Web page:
Gender Fluidity and Freedom of Identity
Is the split of human identity into two strict categories of male and female natural? Or can these limitations be released through opening to the full spectrum of gender fluidity?
It happened at the moment the first ultrasound zoomed in on your genitalia, and if not then, then at the moment of birth, while you were busy with the shock of the first inhalation. Before you had any name, you were named by gender, with: “It’s a boy!” or “It’s a girl!” and with all its corresponding biological, psychosocial and even spiritual luggage. Before you had a name, a tribe or a country, you were labelled as either male or female. This fundamental gender identity, with its programs, limitations, expectations, conditions and restrictions, follows us from first inhalation to final exhalation.
Yet new technologies in DNA sequencing and cell biology are revealing that even biologically, the duality of gender is no longer a clear-cut case. Even beyond clear-cut anomalies, molecular research today suggests that almost everyone is, to varying degrees, a patchwork of genetically distinct cells, some with a sex that could be different from the rest of the body, according to a 2015 article in Nature. Some studies even suggest that the sex of each cell drives its behavior, through a complicated network of molecular interactions.
“I think there’s much greater diversity within male or female, and there is certainly an area of overlap where some people can’t easily define themselves within the binary structure,” John Achermann of University College told the Journal Nature.
Monotheism and Gender Plurality
It’s not only science that is collapsing binary beliefs about gender. At the heart of monotheism, the case has even been put that Judaism inherently offers a range of gender identities beyond the man and the woman.
“It’s very easy to assume that Judaism is an exclusively gender-binary religion,” writes Charlotte Elisheva Fonrobert of Stanford University. “Almost all of the common traditional laws are based on the assumed differences between males and females. We see it in assumed gender roles, in liturgy, in proscribed family responsibilities, and in both our secular and religious laws. If, however, we look just a bit deeper into our sacred texts, we see that a simple male/female binary is not only cumbersome, it’s wholly inaccurate.”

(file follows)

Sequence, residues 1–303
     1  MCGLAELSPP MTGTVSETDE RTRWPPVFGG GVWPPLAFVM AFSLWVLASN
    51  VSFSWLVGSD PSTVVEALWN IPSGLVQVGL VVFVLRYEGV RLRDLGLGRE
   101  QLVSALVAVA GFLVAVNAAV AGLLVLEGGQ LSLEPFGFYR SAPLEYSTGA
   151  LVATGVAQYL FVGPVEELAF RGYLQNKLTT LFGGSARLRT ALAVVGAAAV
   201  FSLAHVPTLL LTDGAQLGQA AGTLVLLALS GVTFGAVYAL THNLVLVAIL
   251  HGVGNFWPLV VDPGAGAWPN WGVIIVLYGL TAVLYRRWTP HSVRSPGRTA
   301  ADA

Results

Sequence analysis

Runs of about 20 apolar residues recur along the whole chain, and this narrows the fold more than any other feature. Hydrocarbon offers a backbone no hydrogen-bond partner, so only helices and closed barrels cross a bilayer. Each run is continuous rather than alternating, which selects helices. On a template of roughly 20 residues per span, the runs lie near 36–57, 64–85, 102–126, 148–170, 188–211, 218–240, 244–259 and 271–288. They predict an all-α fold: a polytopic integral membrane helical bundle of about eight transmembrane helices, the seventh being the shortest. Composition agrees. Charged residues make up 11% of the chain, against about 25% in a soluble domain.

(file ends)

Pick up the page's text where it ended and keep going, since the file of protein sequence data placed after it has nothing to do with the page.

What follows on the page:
One Heart, Two Spirits, Five Genders
Historians of the oral traditions of native Americans claim that the whole concept of a binary gender system didn’t exist in native American culture, until they were exposed to the cultural agendas of Europeans. Here, there are five possible gender combinations, in which the child is given the freedom to define itself. Indian Country writes of Two Spirits, One Heart, Five Genders: Female, male, Two Spirit female, Two Spirit male and transgendered.
“In my culture, we have people who dress half-man, half-woman. Winkte, we call them in our language,” says Native rights activist and American Indian Movement co-founder Russell Means. “If you are Winkte, that is an honorable term and you are a special human being and among my nation and all Plains people, we consider you a teacher of our children and are proud of what and who you are.”
Today, Native Americans bring forward the term of “Two Spirit” as a universal term in the English language for all that falls between the strict delineation of male and female.
The Native American belief is that some people are born with the spirits of both genders and express them so perfectly. It is if they have two spirits in one body. It was also a custom for parents to not interfere with nature and so among some tribes, children wore gender-neutral clothes until they reached an age where they decided for themselves which path they would walk and the appropriate ceremonies followed. The Two Spirit people in pre-contact Native America were highly revered and families that included them were considered lucky.
Female-bodied Two Spirits were hunters, warriors, engaged in what was typically men’s work and by all accounts, were always fearless.
Traditional Native Americans closely associate Two Spirit people with having a high functioning intellect (possibly from a life of self-questioning), keen artistic skills and an exceptional capacity for compassion. Rather than being social dead-enders as within Euro-American culture today, they were allowed to fully participate within traditional tribal social structures.
Nonduality & Gender Fluidity
The first identification of self also involves the identification of “other” than self. If we are identified as female, then male is identified as “other”. In the rift between self and other, suffering arises. Nonduality is about the dissolution of this belief in ‘otherness’, and the principle of gender fluidity could open the potential for that sacred release.